“You saved my life.”
Angela could still hear the words, panting and tremulous, all these years later. It had been true, of course. That it had been her job was beside the point to Nicholas, then and in all the years since. He had kept her in his orbit, even though the car’s plunge had ruined her left arm and made her an inefficient bodyguard.
A confidante. The one trusted person in his entire life. When lovers palled, when allies turned, she remained at his side. She knew, as one so close must know, that he was frequently wrong, frequently undeserving of either love or loyalty, but she remained all the same, bound to him by the unconscious worship he poured upon her and…
Her own vanity, if she had to name it.
Who could easily set aside the hero’s mantle, when it was so fervently pressed? She had been tempted, more than once, but each time, at the moment she could have severed the ties, he would look at her and she would see the boy she had dragged onto the bank of the canal, and she would hesitate. And so often, at those moments, he would say something like, “What would I do without you, my life-saver?” and renew the bond.
She looked at him now, and saw barely a glimmer of that half-drowned child. Greying at the temples, lined about the eyes, he crackled with enthusiasm that had nothing of a child in it, no wholesome innocence. He looked back at her, and the smile he gave her was entirely modern as well. “Thank you, Angela,” he said, and even as he spoke, a trace of what she had been seeking came to the surface. “Without you, I would never have gotten here.”
Was that also true? He certainly believed it. If he had stayed in the wreck, drowned with his parents, he clearly would not have come to this current zenith. He would never have been able to weave the schemes which would lurch into motion tomorrow, whatever the election results.
Nicholas looked to his other side, to the flunky of his PR man. Flunky was looking at Nicholas, something like awe in his eyes, one hand pressed to the headset he wore. He held up a finger, nodding to whatever was being said in his ear, then he pointed to the gap between the curtains.
Angela watched the man as he backed away, bowing, as if in the presence of royalty. So many of them were like that. She fell in behind Nicholas as he strode out onto the platform.
The cheering washed across them. Angela grimaced, wading through the adulation, until she reached her place on the platform, just behind the podium, on Nicholas’s right. The place of absolute trust, where she had stood both figuratively and literally for decades. She raised her hand to adjust the party pin on her lapel.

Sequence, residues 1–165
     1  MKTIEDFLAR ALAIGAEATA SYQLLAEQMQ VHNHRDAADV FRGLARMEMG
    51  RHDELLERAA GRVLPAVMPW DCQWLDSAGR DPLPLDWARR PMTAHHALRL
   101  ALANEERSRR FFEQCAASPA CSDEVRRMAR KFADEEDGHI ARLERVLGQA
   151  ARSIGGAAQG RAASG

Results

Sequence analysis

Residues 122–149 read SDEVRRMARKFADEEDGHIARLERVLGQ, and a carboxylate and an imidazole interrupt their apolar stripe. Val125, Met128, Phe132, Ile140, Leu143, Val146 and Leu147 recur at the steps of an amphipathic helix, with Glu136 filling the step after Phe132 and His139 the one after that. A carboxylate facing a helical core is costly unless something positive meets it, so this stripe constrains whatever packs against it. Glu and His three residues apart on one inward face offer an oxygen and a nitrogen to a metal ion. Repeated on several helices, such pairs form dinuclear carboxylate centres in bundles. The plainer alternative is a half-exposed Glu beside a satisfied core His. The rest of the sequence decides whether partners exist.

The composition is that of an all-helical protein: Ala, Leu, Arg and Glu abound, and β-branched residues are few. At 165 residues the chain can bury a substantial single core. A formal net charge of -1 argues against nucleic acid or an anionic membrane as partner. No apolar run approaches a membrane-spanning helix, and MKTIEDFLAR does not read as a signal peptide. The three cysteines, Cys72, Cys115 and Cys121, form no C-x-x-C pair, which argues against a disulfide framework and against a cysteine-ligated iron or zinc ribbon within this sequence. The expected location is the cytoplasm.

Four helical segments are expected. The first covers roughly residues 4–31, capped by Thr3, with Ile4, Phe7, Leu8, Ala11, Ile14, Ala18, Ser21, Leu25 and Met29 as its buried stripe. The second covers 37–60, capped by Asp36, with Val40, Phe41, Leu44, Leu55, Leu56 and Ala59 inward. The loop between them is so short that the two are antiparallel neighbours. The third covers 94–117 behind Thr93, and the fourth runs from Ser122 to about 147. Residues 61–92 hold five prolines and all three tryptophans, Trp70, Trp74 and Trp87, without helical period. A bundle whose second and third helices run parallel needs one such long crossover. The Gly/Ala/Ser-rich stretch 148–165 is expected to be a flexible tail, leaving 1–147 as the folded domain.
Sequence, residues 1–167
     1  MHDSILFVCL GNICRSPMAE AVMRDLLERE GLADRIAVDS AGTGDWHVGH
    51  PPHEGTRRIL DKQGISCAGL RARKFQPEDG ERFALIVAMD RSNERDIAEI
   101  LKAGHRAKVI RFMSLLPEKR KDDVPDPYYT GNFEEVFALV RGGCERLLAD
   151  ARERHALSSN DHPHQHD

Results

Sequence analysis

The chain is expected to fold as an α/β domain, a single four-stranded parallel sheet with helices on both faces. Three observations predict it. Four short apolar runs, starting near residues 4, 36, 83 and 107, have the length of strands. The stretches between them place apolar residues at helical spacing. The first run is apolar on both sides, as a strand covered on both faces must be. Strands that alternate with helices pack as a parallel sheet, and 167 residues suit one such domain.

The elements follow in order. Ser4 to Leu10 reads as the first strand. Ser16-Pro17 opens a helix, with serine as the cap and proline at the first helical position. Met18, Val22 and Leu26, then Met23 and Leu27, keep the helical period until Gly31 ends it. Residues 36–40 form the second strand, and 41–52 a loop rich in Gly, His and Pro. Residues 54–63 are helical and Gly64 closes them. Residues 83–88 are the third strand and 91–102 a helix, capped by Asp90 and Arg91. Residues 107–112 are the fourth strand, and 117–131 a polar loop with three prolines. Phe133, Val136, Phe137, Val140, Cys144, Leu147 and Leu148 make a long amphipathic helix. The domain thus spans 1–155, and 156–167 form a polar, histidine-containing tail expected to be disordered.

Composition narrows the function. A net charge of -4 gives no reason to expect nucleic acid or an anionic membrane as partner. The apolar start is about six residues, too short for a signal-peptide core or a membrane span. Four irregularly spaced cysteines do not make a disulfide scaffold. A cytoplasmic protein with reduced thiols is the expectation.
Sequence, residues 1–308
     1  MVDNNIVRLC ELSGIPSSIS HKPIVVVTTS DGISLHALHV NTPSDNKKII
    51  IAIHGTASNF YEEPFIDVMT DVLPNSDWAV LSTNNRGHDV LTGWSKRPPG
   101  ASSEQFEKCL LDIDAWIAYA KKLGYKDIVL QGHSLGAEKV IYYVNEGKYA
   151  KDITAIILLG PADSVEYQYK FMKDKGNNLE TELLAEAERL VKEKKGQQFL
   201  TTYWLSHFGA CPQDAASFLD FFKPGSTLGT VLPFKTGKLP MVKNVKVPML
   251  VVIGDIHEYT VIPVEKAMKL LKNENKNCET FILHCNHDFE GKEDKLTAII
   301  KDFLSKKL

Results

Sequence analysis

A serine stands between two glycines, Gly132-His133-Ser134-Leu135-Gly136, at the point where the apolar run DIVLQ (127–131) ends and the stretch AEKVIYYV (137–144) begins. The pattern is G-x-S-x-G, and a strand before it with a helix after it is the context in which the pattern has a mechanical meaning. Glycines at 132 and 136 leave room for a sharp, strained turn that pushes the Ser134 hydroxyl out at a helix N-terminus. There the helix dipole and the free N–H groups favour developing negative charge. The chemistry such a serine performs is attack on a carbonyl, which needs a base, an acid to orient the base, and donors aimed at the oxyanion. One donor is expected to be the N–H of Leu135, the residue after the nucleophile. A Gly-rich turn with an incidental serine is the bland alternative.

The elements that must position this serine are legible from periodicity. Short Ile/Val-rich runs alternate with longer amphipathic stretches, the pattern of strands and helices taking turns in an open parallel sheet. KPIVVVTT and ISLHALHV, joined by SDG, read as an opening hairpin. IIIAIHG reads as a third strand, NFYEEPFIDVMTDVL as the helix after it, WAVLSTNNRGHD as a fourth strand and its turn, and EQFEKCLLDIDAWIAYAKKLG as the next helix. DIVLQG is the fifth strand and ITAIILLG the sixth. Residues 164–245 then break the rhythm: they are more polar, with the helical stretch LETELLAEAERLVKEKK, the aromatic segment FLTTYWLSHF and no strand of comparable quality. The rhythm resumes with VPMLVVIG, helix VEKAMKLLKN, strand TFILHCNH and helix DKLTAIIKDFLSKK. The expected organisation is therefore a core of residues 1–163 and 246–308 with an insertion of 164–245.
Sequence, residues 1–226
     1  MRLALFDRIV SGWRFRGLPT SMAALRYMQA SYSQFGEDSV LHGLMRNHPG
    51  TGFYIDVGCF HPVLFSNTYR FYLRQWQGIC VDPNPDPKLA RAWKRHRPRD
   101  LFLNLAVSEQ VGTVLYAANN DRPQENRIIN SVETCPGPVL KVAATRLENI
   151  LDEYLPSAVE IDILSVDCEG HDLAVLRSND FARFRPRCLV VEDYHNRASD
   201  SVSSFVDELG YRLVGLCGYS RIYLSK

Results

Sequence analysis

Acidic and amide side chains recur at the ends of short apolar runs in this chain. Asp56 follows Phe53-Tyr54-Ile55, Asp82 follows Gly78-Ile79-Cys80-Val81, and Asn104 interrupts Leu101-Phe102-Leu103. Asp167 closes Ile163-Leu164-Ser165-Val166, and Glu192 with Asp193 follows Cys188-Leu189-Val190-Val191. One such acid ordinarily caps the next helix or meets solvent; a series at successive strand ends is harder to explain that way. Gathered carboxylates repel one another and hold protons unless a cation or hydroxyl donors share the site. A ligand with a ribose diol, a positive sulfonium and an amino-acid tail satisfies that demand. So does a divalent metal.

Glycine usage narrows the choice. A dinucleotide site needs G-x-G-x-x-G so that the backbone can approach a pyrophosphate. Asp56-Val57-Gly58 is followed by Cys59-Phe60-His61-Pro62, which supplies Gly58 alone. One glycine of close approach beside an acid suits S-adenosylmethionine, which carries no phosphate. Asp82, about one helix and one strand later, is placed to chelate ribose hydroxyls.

Nicholas stood at the podium, on the platform which made him seem as tall as those behind him. The rest of the party leaders were lined up on her left, variously cadaverous or beefy, all revelling in the worship of the mob. Angela scanned that mob, the only impassive face in that line, apparently immune to the adoration which poured upon them as the prime supporters of Nicholas.
She felt it. She felt it in her very core.
She paused in the scan, looking at the far edge of the playing field which had been converted to an auditorium, at a point where the stands met the back of those thronging the turf. She pressed the button on the microphone behind her party badge. “All eyes on Echo Eleven,” she said.
A chorus of voices spoke in her ear, all confirming the command. The snipers on the light towers would be swinging their guns that way. The slender, athletic types would be winding their way between the cheering civilians. The wide men in front of the stage would be tensing to throw themselves into the line of fire. She let go of the button, and moved her hand toward her own well-concealed weapon.
Angela was Nicholas’s life-saver. His hero. The reason he had been able make any impression upon the world. All that he was, she bore the responsibility.
Her first bullet threw his face into his worshippers. She put one more into the small of his back, hoping it would wreck organs rather than catch on his spine, then she set to work mowing down the leaders of the party. There was only Jones at the far end left when the snipers finally found their target.
She felt the bullets passing through her, finishing the job that the accident had made such a poor start on. She felt the pain of a dozen wounds, but it was on the distant surface as her mind retreated from light. What she did not feel was regret. Nicholas had draped her in the robes of a hero, and belatedly, although perhaps not too late, she had earned them.